Saturday, November 10, 2007

What is surgical CAD in the light of PCI improvements

It is common knowledge in our circles that cardiac surgeons caseloads have been severely affected by improvements in PCI (Percutaneous Coronary Intervention). In the adult population, PCI has really impacted the need for bypass surgery. In paediatrics, congenital heart disease, percutaneous cardiac interventions (occluders) have also impacted on the work of congenital heart surgeons. Adult cardiac interventionist are also looking to do percutaneous valve replacements. If this trend continues, in the next ten years, probably less specialist will be going for cardio-surgical training.

Contrasted against this, is the fact that with the "hooha" about late stent thrombosis last year, we have noticed a reduction in the use of DES (drug-eluting stents), an increase in the use of bare metal stents, and also an increase in the rates of bypass surgery.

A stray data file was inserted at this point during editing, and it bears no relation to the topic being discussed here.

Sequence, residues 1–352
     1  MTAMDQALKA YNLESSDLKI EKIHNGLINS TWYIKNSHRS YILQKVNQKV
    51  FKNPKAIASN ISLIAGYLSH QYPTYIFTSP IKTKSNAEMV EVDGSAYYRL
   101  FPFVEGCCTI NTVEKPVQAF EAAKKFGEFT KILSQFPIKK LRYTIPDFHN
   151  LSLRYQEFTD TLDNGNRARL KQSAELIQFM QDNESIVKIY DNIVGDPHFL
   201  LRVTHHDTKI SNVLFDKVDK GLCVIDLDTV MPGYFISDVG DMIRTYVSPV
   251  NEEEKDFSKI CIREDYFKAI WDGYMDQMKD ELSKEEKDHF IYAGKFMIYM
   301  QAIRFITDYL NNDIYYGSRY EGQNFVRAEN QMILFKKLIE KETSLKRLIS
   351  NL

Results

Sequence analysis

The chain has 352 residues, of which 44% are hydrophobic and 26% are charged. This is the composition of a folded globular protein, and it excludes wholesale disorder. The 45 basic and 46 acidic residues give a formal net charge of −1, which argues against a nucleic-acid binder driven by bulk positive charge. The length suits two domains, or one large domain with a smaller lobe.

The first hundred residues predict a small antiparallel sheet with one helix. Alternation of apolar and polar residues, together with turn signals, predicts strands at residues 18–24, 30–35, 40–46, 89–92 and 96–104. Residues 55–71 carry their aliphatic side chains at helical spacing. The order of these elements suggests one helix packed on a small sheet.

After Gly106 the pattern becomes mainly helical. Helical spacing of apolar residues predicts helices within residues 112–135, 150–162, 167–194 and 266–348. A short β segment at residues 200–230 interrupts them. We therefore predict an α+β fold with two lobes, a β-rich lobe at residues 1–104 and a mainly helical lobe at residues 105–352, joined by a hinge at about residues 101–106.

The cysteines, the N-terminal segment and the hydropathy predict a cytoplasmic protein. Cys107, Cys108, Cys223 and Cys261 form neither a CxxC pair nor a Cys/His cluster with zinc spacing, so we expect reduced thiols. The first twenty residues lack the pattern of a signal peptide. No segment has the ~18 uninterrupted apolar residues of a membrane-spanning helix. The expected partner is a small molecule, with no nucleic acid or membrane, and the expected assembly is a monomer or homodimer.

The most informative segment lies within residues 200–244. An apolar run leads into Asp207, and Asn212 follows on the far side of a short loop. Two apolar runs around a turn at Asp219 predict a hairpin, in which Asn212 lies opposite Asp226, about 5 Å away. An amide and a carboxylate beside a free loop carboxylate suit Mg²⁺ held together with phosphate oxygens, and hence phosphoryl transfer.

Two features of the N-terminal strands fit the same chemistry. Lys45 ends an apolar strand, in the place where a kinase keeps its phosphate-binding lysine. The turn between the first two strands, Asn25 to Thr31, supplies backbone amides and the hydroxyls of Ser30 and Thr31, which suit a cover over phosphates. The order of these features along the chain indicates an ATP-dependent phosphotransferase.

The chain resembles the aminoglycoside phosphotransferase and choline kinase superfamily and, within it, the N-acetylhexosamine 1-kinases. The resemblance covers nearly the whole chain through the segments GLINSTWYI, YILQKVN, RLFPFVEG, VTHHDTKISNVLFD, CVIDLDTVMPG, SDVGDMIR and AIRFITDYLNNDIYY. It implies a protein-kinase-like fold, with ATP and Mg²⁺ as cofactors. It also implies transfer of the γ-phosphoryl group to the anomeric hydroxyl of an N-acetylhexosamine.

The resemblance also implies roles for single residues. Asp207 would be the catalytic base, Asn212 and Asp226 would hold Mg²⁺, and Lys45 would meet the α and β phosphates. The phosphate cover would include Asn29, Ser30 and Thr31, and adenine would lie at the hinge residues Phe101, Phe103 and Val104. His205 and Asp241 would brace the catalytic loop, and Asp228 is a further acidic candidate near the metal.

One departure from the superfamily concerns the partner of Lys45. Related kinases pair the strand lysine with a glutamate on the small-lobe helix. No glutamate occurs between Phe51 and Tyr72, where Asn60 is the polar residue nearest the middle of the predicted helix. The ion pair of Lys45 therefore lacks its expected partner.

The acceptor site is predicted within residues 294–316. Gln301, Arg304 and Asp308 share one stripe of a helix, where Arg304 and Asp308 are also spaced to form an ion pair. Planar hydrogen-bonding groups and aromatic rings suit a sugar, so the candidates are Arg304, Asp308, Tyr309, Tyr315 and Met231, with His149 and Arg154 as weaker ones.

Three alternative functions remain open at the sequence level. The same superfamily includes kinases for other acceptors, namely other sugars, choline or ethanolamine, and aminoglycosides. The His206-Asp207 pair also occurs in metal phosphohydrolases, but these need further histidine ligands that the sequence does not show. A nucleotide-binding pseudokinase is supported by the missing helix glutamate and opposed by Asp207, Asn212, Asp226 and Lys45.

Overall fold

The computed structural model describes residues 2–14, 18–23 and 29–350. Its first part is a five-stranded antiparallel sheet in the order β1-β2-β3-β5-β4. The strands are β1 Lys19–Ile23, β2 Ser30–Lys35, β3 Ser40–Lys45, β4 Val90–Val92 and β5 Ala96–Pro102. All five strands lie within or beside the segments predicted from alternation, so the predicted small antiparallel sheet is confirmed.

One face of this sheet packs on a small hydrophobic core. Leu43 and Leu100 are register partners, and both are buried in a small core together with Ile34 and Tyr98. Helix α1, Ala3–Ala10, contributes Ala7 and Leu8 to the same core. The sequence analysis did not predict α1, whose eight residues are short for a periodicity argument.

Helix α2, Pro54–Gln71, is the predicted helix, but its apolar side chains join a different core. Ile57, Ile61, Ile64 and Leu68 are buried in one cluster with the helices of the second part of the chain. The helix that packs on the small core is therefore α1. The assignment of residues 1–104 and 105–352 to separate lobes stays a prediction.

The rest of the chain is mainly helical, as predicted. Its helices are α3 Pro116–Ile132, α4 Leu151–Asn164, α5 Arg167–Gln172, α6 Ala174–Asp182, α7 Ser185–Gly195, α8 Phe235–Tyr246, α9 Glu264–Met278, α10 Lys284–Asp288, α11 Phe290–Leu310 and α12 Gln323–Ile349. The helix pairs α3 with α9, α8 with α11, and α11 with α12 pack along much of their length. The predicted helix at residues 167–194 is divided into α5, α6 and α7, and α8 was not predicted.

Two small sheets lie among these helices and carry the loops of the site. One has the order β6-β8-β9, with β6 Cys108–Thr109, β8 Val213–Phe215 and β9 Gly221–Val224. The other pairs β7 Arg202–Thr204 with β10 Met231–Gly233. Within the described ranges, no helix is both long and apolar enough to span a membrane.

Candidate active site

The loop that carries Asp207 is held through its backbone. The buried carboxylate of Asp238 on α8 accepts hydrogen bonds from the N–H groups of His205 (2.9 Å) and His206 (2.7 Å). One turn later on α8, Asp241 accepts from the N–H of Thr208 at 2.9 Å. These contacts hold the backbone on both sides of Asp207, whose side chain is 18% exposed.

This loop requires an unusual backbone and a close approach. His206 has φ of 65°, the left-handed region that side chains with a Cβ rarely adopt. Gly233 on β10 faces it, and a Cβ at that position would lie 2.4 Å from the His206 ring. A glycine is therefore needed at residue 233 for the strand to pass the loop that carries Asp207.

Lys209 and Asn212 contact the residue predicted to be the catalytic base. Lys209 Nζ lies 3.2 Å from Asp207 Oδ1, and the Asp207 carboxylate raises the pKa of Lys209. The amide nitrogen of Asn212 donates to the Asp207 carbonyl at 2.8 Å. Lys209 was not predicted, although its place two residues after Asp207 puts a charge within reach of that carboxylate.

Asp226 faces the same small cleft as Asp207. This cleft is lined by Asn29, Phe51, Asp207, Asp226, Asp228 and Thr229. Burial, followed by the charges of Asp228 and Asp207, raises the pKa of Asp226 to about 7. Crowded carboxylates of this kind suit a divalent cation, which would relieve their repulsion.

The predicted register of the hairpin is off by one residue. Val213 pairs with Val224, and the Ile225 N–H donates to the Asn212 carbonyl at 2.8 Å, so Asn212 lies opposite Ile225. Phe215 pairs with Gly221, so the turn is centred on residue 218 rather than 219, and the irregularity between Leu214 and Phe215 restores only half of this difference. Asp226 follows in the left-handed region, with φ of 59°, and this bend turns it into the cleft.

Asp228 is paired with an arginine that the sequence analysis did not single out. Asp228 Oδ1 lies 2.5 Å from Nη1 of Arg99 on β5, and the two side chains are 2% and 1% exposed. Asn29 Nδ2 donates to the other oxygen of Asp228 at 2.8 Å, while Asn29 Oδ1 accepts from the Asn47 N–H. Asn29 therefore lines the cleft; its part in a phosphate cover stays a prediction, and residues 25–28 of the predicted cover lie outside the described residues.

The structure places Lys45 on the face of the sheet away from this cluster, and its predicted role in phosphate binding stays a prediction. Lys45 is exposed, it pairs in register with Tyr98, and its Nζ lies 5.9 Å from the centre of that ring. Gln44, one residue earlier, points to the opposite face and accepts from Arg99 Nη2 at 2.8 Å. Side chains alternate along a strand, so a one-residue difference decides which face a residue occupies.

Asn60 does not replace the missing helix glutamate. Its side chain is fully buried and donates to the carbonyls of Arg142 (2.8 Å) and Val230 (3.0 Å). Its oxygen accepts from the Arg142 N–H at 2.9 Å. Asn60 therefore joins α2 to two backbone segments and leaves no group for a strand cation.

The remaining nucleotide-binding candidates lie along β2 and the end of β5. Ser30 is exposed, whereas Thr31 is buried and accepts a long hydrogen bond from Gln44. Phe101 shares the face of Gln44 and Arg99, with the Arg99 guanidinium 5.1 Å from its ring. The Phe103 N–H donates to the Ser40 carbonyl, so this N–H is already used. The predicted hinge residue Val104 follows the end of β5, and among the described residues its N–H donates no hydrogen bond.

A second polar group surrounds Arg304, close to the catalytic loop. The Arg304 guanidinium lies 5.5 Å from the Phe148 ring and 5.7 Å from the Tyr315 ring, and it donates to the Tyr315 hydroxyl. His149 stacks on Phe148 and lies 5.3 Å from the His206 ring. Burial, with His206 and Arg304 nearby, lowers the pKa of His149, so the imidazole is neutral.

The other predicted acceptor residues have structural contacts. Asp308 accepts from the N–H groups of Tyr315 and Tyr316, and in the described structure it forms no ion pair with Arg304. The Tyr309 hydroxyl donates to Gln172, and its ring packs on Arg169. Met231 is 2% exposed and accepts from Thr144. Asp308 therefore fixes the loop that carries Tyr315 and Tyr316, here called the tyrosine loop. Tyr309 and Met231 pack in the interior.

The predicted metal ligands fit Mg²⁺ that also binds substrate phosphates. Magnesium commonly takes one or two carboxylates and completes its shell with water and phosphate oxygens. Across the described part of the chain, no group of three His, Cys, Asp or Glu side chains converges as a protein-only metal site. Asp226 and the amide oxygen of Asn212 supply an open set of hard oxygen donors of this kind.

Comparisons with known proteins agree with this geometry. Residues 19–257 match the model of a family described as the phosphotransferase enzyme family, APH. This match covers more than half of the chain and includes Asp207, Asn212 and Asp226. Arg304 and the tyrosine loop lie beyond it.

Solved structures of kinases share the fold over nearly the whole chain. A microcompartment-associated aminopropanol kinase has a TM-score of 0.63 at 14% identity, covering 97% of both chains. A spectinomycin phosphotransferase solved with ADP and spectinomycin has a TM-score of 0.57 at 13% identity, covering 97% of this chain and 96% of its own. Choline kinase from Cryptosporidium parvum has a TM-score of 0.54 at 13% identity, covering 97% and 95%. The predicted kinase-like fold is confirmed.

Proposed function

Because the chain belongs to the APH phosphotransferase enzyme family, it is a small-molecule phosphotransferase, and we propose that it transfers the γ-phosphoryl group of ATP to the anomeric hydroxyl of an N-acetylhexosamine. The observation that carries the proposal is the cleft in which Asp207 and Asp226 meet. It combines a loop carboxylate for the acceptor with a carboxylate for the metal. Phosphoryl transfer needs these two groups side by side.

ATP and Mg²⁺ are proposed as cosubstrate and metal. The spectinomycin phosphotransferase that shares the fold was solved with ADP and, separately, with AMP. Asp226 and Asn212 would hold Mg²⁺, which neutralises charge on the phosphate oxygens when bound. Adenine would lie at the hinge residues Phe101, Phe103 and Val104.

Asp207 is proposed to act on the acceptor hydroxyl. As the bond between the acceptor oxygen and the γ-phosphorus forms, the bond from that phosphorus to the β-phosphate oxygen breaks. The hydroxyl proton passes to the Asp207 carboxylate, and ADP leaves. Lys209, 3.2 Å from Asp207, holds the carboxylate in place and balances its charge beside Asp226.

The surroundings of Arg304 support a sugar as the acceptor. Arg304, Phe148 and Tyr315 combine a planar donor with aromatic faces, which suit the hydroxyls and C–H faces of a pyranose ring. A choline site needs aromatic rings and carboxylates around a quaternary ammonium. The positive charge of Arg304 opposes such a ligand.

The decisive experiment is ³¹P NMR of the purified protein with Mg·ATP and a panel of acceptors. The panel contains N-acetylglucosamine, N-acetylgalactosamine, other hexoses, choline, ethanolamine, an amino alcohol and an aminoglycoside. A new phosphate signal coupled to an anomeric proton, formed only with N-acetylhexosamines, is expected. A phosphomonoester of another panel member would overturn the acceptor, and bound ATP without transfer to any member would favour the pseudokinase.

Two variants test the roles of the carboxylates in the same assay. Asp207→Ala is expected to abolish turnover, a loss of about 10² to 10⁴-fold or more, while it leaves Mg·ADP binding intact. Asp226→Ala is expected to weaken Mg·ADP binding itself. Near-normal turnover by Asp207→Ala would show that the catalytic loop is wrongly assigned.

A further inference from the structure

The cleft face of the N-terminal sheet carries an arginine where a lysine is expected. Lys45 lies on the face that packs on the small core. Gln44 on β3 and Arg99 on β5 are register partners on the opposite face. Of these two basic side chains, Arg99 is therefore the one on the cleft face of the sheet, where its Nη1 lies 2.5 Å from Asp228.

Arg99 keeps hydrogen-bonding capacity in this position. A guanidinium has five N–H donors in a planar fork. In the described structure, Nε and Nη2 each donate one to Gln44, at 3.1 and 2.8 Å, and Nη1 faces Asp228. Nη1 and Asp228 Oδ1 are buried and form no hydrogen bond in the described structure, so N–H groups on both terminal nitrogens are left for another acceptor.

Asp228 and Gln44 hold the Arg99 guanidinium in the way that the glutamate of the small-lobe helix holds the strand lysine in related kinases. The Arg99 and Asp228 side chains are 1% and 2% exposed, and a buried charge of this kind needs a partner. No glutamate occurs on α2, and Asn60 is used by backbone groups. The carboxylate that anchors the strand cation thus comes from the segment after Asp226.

This blog is partly prompted by a paper published online in the 15th Oct 2007 edition of the Annals of Internal Medicine. This paper by Dr Bravata of Stanford University, did a meta-analysis of 23 large clinical trials (including 5,091 patients) comparing PCI and CABG, especially their 10 years survival, and the Stanford team found that after ten years, the survival differences was less then 1 percent. PCI and CABG both have the same longterm survival. Well, this is nice to know. If one looks at the subsets, over 5 years, there seems to be more perioperative strokes and more angina relief with CABG and more revascularisation with PCI. So what is new. We know this from before. It looks like all the so call poorer survival advantage of PCI in the longterm, is not true. What then is the place of CABG in the management of CAD. It looks like in a center with an aggressive PCI team, the cardiac surgeon's territory will be restricted to LMS disease and severe triple vessel disease with poor LV. Add to this the fact that most patients are adverse to surgery, if they know that PCI patients live as long as post-CABG patients. I am certain that soon, it will be rare for a cardiac surgeon to find a patient with normal LV. Of course, in centers where the cardiac surgeon has a good reputation and the PCI team is young and new, then only single vessel CAD may end up with PCI and all else with cardiac surgery. As for myself, the patients who are refered to cardiac surgeons are those who prefer CABG, those with poor LV function with at least two CTOs ( chronic total occlusion ), and those with two stents or more at the same arterial location ( no more room for stents ). We have done quite a few LMS CAD( left main stem CAD ), with good results. Yes, we had to re-do some of them, but many of the patients still prefer PCI. I am certain that not all of you out there will agree with me, and I would like to hear your comments.

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